Video Production Glossary

Working in a new industry, or part of your industry can bring a lot of new phrases, acronyms and terms that you’ve not heard of before. We’ve put together a glossary of terms below that you might hear when working with a video production agency. There are lots more we could share, but this is a good start.

  • 2.5D – A combination of two and three-dimensional images in an animation.
  • 8K – Ultra high-definition resolution that includes 8,000 horizontal pixels and 4,000 vertical pixels.
  • B-Cam – A second camera, used in addition to the main camera that gives the editor a different angle to cut to when editing a video.
  • B-Roll – A supplementary video that is considered to be secondary to your main footage. B-roll can be captured with a separate camera, come from stock footage, or gathered from any source other than your main photography.
  • Breathing – Leaving pauses between sections of a film structure to aid punctuation and the wider narrative; “needs room to breathe”. It might also be referred to as adding (non-musical) ‘beats’.
  • Call sheet – A document that provides all of the shoot information for the cast and crew. It includes locations, times, equipment, contact details, locations of the nearest hospitals, emergency information, risk assessments, and any other information the crew might need.
  • Depth of field – The visual effect that separates the foreground from the background in a video image, by blurring the background. The depth of field changes based on the aperture of the camera lens.
  • DoP/DP – Director of Photography – They work alongside the director and is frequently a camera operator too. The DoP is in charge of the look, lighting and composition of the film. Different DoPs are used depending on the tone and genre of production.
  • Eye direct – A mirrored device that attaches to the camera, allowing the person being interviewed to see the interviewer while looking straight at the camera lens. This makes the interview more direct and engaging than an off-camera format.
  • Foley – A unique sound effect technique that involves creating and “performing” everyday sounds for movies and television shows.
  • Frame rate – Refers to the number of frames in one second. A high frame rate can give a video a very smooth look, or be used to slow the video down to slow motion.
  • Gimbal – A gimbal is a device used to mount a camera on. The gimbal will smooth out any bumps normally visible when shooting handheld.
  • Grade – When video content is recorded, the colours are flat and raw. The colour will vary from location to location, indoors or out. We colour grade it at the end of the process to bring it to life.
  • Graphic match – An editing technique where an object passes frame and using that object to transition to a different shot.
  • J Cut – An editing technique where the audio from the second shot starts before the first video cuts.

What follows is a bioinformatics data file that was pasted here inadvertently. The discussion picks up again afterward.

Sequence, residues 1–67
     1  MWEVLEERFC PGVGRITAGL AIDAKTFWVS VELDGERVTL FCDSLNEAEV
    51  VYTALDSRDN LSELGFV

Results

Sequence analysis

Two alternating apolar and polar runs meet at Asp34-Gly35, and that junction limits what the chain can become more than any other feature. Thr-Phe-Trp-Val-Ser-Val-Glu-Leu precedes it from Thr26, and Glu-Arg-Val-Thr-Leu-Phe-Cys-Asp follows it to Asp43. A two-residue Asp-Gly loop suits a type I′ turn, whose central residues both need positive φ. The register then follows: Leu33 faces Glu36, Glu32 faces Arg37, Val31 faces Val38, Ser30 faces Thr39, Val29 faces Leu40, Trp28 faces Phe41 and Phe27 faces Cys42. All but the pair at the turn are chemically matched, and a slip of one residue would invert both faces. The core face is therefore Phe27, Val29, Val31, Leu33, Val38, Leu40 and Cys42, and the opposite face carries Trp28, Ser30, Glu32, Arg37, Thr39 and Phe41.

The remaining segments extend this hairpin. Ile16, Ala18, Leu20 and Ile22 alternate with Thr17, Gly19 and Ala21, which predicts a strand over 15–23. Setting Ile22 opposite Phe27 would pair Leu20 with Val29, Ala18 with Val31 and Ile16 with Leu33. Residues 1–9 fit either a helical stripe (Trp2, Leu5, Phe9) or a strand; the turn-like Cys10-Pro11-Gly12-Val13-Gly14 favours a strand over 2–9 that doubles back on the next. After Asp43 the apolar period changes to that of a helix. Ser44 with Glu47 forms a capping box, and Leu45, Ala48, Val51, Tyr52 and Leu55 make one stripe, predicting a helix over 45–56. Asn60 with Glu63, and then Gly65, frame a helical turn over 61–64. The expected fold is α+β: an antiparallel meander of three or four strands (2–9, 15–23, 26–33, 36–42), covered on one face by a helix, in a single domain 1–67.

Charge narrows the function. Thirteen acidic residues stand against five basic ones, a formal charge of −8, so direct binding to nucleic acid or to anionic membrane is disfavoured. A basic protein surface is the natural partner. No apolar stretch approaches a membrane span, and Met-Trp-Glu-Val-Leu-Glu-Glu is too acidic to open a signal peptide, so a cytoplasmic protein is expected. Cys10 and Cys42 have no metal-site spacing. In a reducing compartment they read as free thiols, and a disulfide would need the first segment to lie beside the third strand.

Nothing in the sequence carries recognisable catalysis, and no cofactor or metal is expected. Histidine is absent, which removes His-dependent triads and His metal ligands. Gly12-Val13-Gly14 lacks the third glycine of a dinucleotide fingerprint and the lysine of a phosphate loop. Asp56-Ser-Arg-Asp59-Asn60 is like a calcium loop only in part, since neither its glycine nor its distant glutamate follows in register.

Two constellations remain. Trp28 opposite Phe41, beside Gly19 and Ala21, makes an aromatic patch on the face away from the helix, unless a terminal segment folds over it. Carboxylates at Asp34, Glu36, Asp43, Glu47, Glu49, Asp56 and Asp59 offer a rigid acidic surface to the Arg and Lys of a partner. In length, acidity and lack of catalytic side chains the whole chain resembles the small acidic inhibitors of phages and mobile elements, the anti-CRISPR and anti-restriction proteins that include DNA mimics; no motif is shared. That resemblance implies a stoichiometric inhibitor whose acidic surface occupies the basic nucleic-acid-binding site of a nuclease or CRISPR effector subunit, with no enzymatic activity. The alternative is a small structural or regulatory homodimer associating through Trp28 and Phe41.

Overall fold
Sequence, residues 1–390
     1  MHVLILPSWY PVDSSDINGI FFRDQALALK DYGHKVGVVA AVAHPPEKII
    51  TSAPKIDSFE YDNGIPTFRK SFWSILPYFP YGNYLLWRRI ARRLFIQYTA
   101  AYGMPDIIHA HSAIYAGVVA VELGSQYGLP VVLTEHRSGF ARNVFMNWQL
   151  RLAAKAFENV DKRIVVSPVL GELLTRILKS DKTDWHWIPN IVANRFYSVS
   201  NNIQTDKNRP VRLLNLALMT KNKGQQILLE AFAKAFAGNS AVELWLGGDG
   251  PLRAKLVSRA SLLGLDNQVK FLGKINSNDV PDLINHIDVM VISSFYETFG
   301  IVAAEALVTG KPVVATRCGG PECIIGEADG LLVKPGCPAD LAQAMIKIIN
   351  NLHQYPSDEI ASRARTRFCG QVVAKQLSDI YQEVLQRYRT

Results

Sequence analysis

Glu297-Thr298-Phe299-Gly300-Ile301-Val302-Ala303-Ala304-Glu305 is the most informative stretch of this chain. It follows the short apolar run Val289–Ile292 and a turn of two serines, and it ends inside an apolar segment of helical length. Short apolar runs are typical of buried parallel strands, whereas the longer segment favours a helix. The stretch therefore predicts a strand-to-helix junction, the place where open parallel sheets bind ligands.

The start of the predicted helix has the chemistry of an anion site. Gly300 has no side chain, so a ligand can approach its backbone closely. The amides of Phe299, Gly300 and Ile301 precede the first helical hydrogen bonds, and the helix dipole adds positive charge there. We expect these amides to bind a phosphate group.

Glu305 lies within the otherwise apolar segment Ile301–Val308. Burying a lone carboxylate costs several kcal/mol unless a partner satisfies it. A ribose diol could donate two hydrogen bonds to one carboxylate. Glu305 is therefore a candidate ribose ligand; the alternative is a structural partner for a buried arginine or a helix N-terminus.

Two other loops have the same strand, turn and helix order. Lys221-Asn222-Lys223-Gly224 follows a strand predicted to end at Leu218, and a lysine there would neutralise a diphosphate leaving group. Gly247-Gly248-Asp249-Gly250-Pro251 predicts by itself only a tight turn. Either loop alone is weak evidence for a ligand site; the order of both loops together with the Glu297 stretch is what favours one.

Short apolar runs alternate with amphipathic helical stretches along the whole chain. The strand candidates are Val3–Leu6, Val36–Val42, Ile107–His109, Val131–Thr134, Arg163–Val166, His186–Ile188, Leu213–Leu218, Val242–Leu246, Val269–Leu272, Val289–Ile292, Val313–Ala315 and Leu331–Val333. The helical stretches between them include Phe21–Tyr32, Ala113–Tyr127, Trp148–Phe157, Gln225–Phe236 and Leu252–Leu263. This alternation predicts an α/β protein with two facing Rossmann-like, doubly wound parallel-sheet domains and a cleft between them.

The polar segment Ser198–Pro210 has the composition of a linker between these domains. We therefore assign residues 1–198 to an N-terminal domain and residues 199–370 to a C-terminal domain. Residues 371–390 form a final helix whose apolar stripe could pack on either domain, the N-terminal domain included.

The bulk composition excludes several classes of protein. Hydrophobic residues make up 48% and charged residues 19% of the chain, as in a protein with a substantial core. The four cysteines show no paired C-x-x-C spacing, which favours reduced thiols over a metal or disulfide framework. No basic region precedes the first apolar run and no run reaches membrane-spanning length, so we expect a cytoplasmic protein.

• L Cut – An editing technique where the video cuts to the second shot while the audio of the first shot is still playing.
  • Lower thirds – Lower thirds refers to any graphic or animation in the lower third of the video frame. Usually, this would be a name and occupation title.
  • Motion control – A specialised camera rig where the camera is mounted on a robotic arm. The movement is pre-programmed, allowing for stylish, precise camera moves that would not be possible by hand.
  • Non-diegetic – Any type of sound that does not exist within the world of the film. In other words, it’s the type of sound that characters in a film are not able to hear, but that we can.
  • Overlay – An overlay in a video can refer to any graphics, titles, or other layers ‘on top of’ the video.
  • Render – When a motion graphics project is exported, the file is known as a render. Some editing software requires a ‘render’ (without export) for smooth playback. You’ll hear us referring to renders and rendering a lot.
  • Rough cut – The first version of the unfinished video. Often includes a sample voiceover and music, placeholder graphics, and indicative of the direction of travel.
  • Rushes – The raw, unedited video files that come straight from the camera.
  • Storyboard – A series of still images to help you imagine what the film will look like.
  • Style frame – A still image – usually a mock-up of one frame of an animated film – to help you decide on the final style. It is similar to a mood-board.
  • Sound design – The use of bespoke sound effects to help bring a film to life during post-production.
  • Title safe – A border around the screen that ensures titles will not disappear off the screen if the monitor is not set up correctly. This is particularly important in broadcast.

We hope this has helped you feel more confident when working on your next video project! Get in touch if you want to have a chat about any projects you might have coming up.